When political geography changes, how do reorganized or newly formed states justify their rule and create a sense of shared history for their people? Often, the essays in "Selective Remembrances" reveal, they turn to archaeology, employing the field and its findings to develop nationalistic feelings and forge legitimate distinctive national identities. Examining such relatively new or reconfigured nation-states as Iran, Iraq, Turkey, Israel, Russia, Ukraine, India, and Thailand, "Selective Remembrances" shows how states invoke the remote past to extol the glories of specific peoples or prove claims to ancestral homelands. Religion has long played a key role in such efforts, and the contributors take care to demonstrate the tendency of many people, including archaeologists themselves, to view the world through a religious lens - which can be exploited by new regimes to suppress objective study of the past and justify contemporary political actions. The wide geographic and intellectual range of the essays in "Selective Remembrances" will make it a seminal text for archaeologists and historians.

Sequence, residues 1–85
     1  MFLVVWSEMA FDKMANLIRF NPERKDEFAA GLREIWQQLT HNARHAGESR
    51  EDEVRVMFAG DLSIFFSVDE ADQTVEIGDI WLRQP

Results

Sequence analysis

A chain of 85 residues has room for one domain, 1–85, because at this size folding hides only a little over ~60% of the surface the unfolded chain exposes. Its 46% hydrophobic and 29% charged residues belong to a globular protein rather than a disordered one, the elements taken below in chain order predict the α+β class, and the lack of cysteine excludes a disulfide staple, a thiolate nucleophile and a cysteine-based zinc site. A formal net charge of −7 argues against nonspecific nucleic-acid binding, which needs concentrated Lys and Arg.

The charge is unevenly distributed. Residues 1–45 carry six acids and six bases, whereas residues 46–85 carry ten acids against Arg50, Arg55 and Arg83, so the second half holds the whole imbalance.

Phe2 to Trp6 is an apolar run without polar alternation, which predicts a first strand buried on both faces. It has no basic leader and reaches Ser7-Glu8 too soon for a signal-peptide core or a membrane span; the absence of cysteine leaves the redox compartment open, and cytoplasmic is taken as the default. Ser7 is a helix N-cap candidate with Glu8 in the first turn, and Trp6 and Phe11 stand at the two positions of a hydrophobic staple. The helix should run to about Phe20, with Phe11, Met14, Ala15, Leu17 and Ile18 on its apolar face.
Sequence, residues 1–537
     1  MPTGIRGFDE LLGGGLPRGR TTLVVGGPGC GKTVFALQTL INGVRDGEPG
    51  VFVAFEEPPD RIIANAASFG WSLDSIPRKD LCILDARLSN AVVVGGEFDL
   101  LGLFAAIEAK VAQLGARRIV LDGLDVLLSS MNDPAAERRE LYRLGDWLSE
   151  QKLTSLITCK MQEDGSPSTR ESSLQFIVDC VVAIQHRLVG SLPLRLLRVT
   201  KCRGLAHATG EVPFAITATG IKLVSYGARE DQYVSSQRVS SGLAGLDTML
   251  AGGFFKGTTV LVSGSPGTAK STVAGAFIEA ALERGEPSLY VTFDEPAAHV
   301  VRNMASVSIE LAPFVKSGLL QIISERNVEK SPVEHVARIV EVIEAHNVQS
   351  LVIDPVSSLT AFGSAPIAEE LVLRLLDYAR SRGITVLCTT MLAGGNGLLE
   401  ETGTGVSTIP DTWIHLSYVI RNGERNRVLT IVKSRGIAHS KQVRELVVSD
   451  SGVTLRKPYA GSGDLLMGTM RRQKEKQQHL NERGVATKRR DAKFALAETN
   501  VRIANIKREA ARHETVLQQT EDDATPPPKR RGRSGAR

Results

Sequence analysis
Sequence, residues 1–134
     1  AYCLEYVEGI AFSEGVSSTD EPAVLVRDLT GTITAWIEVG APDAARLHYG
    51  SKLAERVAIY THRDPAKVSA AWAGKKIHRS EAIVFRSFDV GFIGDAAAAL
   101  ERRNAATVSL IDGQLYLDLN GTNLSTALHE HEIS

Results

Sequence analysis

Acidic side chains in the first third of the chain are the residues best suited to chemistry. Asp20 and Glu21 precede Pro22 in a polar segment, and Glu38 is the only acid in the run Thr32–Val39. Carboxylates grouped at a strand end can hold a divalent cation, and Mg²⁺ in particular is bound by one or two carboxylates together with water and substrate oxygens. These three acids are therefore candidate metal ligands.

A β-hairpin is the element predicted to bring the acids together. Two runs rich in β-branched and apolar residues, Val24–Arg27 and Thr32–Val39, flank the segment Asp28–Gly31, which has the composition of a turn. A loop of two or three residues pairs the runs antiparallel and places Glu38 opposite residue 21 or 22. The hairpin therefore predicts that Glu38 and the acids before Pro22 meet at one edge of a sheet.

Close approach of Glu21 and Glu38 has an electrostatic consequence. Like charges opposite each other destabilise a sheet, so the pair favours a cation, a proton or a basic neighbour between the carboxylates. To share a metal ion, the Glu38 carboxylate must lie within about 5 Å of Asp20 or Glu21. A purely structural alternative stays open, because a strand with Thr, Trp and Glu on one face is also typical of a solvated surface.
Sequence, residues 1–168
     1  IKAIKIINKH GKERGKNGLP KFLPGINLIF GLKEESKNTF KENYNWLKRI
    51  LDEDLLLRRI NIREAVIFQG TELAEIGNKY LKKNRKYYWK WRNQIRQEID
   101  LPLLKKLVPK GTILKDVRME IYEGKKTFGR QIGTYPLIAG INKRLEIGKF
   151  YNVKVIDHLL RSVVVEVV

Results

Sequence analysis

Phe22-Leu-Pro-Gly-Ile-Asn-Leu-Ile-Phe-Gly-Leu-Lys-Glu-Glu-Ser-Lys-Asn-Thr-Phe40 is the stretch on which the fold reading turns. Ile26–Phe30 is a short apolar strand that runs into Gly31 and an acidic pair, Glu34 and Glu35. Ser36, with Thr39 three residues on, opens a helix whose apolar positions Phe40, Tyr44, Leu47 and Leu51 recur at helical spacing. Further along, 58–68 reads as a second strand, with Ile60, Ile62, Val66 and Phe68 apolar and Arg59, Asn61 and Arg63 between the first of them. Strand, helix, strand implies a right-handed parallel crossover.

Philip L. Kohl is professor of anthropology and the Davis Professor of Slavic Studies at Wellesley College. Mara Kozelsky is assistant professor of history at the University of South Alabama. Nachman Ben-Yehuda is professor of sociology at the Hebrew University of Jerusalem.